Seeking out great stocks to buy is important, but many would say it’s even more essential to know which stocks to steer clear of. A losing stock can eat away at your precious long-term returns. So, determining which stocks to trim or eliminate is essential for proper portfolio maintenance.
Even the best gardens need pruning, and our team has spotted a few stocks that seem like prime candidates for selling or avoiding. Continue reading to find out which three stocks our team is staying away from this week.
Connecticut Woman Gets “Revenge” After Losing Nearly 50% of Her 401(k)
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Amid rising competition in the streaming business, Netflix (NFLX) lost nearly a million subscribers in the first half of 2022, as global giants Walt Disney (DIS) and Amazon (AMZN) stepped up their game taking significant market share. Despite surging in the past quarter, Netflix is still the worst-performing stock in the FAANG group, with a loss of more than 62%.
CEO Reed Hastings had originally positioned the company as an ad-free alternative to cable. However, given the current headwinds, the CEO now says commercials are necessary to appeal to those who find the ad-free service too expensive. Netflix has increased prices several times and is now one of the most expensive streaming services. The ad-free business is also growing in competitiveness as Disney plans to launch a similar enterprise on Dec. 8.
Needham analyst Laura Martin recently suggested investors remain on the sidelines as it’s not yet clear how Netflix will perform amid rising competition. “Where do its sub losses end, given the strong competition from newer, lower-priced, deeper-pocketed streaming services? 222mm global subs may turn out to be the peak subscribers for NFLX,” said the analyst.
NFLX share price is down 60% for the past 12 months, but even Netflix has joined in on the summer rally. Over the past six weeks, the share price is up more than 25%, which seems overdone considering the obstacles the company is up against.
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Headwinds against e-commerce car vendor Carvana (CVNA) had already been intensifying before the sizable ramp-up to its vehicle inventory in the first quarter. Management recently admitted that it accelerated its car buying business at the wrong time during a worsening economic environment, causing investors to flee the stock in search of greener pastures. CVNA could continue to burn through cash at an alarming rate as it faces threats to the value of its inventory.
“It has become clear over the past few months that the company is facing serious challenges to the business,” Morgan Stanley analyst Adam Jonas wrote in a note to clients after he downgraded CVNA to Equal Weight from Overweight and slashed the price target by 70% to $105, down from $360. “By the company’s own admission, it had accelerated growth at precisely the wrong time into a consumer slowdown leaving a major mismatch between capacity and demand, creating a liquidity crunch,” he continued.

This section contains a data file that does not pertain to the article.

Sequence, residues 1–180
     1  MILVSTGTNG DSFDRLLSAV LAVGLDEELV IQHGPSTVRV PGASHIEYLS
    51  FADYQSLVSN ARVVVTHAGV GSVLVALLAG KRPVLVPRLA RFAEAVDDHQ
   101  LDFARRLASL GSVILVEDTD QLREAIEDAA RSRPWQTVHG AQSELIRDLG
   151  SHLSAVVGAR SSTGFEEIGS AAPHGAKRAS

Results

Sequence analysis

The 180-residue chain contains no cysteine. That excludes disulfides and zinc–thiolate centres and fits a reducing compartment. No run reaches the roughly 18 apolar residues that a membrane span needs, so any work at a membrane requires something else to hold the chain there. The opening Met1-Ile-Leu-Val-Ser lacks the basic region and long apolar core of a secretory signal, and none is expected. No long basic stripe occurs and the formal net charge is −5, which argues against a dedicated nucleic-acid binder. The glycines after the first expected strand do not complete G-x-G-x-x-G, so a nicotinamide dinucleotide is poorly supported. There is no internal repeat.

The company’s liquidity issues are likely compounded as the Fed boosts benchmark interest rates, making it more expensive to take out loans. With its business model, Carvana is also at risk of declining used car prices as that would devalue its inventory, and a pullback in prices is likely as interest rates rise.
During Carvana’s most recent quarterly announcement on April 20th, the company reported a bigger-than-expected quarterly loss along with revenue that beat analyst expectations. Results showed a $1 billion increase in equity along with $3.275 billion in debt.
Carvana may look like a bargain, down more than 80% from its ATH just a few months ago. Still, with interest rates rising and growing concerns of a looming economic recession, the company could be further wrung out as economic growth slows.
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Inflation is taking a heavy toll on input costs for digital printing company Xerox (XRX), all while supply-chain disruptions are impeding the company’s ability to manufacture higher-margin products. XRX has lost nearly 25% of its value since the beginning of the year. Anyone looking for a reason to buy on the dip of this long-time laggard would be hard-pressed to find one.
Xerox stock has carried a consensus Sell recommendation for more than a year. Zooming out on XRX’s chart, it’s not hard to see why. The stock has underperformed the broader market by drastic margins in five of the past seven years. According to the pros, there’s little reason to see it snapping the losing streak anytime soon.
“Prior to the pandemic, Xerox had faced pressure from the rise of the paperless workplace and the corresponding decline in imaging equipment revenue,” writes Argus Research analyst Kristina Ruggeri (Hold). “The increase in work-from-home practices during the pandemic further accelerated this trend.”
XRX currently boasts an attractive 5.87% yield, but it’s hardly enough to make up for the questionable path that the company has been on. We’ll be sticking to the sidelines for the foreseeable future.